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Cloud Computing 101: Where does my Data Go Anyways?

There is so much buzz about “The Cloud”, and for many the term gets lost in the conversation. Cloud computing can be successfully leveraged for many businesses, but understanding what it is and how it can be used is important when a business is considering and evaluating different technologies.

IBM defines cloud computing as the delivery of on-demand computing resources – everything from applications to datacentres over the internet on a pay-for-use basis.

In other words, “the cloud” is referred to datacentres that house the hardware that make it able to run these cloud services. These datacentres are incredibly sophisticated, run on huge and powerful computers, and use very fast internet lines.

The Cloud means that your data is being stored within one of these datacentres and you can access that data at any given point at any given time. Each time you add data to an application or program you can change that data and update it on the hardware (computers/servers) within that datacentre.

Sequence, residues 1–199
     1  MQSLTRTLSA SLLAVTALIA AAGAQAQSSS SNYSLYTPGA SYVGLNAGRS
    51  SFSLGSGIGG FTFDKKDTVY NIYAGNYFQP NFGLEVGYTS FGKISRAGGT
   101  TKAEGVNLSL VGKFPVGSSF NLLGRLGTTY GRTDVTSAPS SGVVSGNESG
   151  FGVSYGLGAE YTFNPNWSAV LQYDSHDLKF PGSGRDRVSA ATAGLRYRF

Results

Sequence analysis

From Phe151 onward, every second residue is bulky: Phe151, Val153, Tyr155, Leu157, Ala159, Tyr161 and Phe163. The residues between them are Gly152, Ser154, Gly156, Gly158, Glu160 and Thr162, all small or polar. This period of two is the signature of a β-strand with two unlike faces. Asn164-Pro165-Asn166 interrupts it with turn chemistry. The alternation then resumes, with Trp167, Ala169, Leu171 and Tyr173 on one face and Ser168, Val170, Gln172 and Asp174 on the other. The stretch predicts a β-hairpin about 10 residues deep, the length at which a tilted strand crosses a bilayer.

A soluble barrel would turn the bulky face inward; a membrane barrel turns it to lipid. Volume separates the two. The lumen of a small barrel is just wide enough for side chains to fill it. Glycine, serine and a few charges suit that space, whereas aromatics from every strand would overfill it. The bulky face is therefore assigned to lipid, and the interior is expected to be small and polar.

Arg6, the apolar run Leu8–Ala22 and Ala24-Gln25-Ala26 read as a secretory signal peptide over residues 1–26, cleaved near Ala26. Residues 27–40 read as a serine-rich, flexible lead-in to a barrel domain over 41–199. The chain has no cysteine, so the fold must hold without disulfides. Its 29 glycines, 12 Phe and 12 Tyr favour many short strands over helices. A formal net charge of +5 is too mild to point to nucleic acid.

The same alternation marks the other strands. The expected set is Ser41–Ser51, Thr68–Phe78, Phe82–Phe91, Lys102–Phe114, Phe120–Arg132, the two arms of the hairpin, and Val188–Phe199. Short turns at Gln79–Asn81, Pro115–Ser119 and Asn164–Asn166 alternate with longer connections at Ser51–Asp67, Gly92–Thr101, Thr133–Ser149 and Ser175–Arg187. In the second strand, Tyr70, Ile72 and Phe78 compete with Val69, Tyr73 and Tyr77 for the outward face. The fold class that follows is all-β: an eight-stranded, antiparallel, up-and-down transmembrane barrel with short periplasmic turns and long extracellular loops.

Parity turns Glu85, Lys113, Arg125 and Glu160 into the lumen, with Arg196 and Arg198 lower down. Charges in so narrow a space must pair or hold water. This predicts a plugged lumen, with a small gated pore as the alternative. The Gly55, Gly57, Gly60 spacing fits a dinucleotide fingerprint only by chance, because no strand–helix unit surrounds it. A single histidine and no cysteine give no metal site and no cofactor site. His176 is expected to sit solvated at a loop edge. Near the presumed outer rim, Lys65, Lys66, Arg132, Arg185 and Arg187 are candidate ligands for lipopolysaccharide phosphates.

Some Examples of “Cloud Computing”

  • Email communication: Webmail (like Gmail) is a great way to leverage cloud storage and not use up local memory on workstations like traditional email clients do.
  • Collaboration: Programs like GoogleDocs or DropBox make it easy and quick for employees to share files with these online programs. It allows them to avoid having to use external storage devices to export data for sharing purposes, which can be easily misplaced or broken.
  • Office 365: is a great example of accessing data that is hosted on Microsoft’s servers. Microsoft recently opened datacentre facilities within Canada to house Canadian based businesses data.
  • Online Applications: Such as Salesforce and NetSuite are applications that many businesses leverage to effectively manage their business, and these programs are all accessed over the internet.

When your business is evaluating cloud computing, it’s important to understand where those services are being delivered. You want to be sure that the datacentre has a strong reputation and meets strict security and compliance requirements. Talk to us about cloud computing and we would be happy to assist you!

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